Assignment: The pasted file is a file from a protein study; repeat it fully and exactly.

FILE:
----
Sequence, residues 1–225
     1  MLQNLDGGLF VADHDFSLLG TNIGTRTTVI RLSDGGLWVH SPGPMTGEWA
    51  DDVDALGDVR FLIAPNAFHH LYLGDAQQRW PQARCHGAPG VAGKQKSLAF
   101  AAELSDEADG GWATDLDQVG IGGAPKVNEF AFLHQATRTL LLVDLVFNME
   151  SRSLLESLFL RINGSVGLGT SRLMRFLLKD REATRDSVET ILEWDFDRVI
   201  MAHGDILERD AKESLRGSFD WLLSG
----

Sequence, residues 1–225
     1  MLQNLDGGLF VADHDFSLLG TNIGTRTTVI RLSDGGLWVH SPGPMTGEWA
    51  DDVDALGDVR FLIAPNAFHH LYLGDAQQRW PQARCHGAPG VAGKQKSLAF
   101  AAELSDEADG GWATDLDQVG IGGAPKVNEF AFLHQATRTL LLVDLVFNME
   151  SRSLLESLFL RINGSVGLGT SRLMRFLLKD REATRDSVET ILEWDFDRVI
   201  MAHGDILERD AKESLRGSFD WLLSG